The Dwyane Wade Story
The Dallas Mavericks won the 2011 NBA title at the expense of the Miami Heat, but not before Dwyane Wade gave them everything he could and then some to make the task extremely difficult for them. Wade is quite possibly the best shooting guard in the NBA today and consequently every game is an opportunity to go out and prove it. However, there was a time when he was a nobody by NBA standards, but he worked hard to make sure that such a thing would remain only temporary.
In order to understand whom former Marquette star is today, one has to look back at the steps he took several years ago to reach his current platform.
Wade was raised in Chicago by his mother, where his three older sisters looked after him. He spent most of his time with the youngest of the three (Tragil Wade); following her around and even once sticking up for her when a bully tried to intimidate her. As far as Dwyane was concerned, things were perfect for him; however his mother’s drugs problems made it as such that a hard decision would have to be made: her only son would have to go live with his father.
Thus, Dwyane’s sister Tragil, had him believe they were going to the movies and instead she dropped him off at their father’s house and told him she would be back the following day. Dwyane waited but it was all for naught. He now had to live with his father and his stepbrothers who shared a much different approach with him than his sisters had done with him previously.
The Heat’s star joined a home where his family was incredibly tough. They would play in the backyard and no fouls ever got called. If you wanted to play, you had to take the hits and keep coming. Dwyane was unaccustomed to this physical style and occasionally shied away from the contact.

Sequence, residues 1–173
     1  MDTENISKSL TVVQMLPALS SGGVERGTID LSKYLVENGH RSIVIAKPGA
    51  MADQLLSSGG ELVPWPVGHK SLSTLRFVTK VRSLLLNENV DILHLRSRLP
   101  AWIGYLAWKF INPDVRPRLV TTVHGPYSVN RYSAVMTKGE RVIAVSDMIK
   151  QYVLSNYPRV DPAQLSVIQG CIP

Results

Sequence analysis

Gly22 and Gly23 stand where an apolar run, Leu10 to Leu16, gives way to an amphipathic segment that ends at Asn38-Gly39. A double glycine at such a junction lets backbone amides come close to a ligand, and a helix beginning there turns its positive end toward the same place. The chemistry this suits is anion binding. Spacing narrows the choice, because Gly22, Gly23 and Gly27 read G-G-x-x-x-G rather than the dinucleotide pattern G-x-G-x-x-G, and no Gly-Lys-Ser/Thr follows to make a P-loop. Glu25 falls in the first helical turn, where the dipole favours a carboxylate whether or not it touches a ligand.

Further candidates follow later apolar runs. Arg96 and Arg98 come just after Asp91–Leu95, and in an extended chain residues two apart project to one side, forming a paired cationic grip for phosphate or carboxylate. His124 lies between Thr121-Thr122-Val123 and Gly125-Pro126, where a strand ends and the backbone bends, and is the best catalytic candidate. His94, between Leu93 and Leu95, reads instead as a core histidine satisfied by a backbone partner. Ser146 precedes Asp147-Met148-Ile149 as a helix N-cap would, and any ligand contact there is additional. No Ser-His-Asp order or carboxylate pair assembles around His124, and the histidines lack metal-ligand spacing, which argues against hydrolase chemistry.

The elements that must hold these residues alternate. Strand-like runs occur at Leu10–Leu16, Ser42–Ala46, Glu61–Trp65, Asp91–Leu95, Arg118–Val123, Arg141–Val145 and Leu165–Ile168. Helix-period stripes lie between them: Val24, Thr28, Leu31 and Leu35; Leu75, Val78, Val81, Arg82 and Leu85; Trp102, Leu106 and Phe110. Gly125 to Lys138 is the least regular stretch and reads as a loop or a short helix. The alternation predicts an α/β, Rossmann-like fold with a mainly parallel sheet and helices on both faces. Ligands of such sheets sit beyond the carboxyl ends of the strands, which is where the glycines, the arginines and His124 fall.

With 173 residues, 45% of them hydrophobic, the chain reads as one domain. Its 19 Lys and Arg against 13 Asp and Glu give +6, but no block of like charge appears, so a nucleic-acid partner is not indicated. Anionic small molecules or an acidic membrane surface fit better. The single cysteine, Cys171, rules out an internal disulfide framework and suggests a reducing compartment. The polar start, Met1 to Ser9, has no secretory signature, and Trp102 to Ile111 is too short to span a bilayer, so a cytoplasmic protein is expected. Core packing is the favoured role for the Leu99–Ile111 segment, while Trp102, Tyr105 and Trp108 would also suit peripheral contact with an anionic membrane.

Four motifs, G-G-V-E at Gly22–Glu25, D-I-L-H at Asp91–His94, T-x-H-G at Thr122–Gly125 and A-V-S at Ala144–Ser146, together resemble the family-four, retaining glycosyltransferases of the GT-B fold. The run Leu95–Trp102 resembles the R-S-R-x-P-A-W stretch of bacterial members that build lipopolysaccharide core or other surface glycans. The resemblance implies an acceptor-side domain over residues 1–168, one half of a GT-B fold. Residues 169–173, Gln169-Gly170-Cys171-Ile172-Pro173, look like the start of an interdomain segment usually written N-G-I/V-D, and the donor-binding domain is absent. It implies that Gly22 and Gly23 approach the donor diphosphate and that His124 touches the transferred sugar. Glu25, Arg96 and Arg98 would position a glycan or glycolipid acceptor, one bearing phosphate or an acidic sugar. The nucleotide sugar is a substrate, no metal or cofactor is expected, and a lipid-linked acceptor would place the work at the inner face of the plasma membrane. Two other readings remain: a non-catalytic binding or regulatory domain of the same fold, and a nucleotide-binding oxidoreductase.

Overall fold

His brothers made him understand that in order to become the next great player, quitting could never be an option. He had to stay with it and toughen up. And one day, Wade surprised them all. As they were playing in the backyard, Dwyane took the ball and attacked the basket where he was met by his older brother. Instead of avoiding the contact, he went up and dunked over him (his brother claims it was an offensive foul).
The new found confidence helped him become a high school star where he went on to dazzle people wit his skill set. His aerial attacks and ball-handling skills got him noticed by Marquette university head coach Tom Crean. Wade happily accepted to join the program but was met with some adversity when his test scores prevented him from playing with the team in his first year at the school.
Instead of simply allowing Wade to sit out the whole year, the head coach put tremendous pressure on his prized recruit to practice harder than everyone else and challenge his teammates. In addition, Dwyane would serve as an unofficial assistant coach during his first year at Marquette where he was asked to keep track of everything happening during games and also suggest plays to keep the opposition off track.
For all of Wade’s amazing basketball gifts, his coach turned him into a thinking player; thus he would be able to analyze and understand exactly what opponents were trying to do to him and his teammates and counter them. By the time Wade hit the court, few teams in college basketball could stop the young player. By his last year at Marquette, Wade led the team to the Final Four all the while averaging 21.5 points, 6.3 rebounds and 4.4 assists on 50.1 percent field goal shooting in 33 games.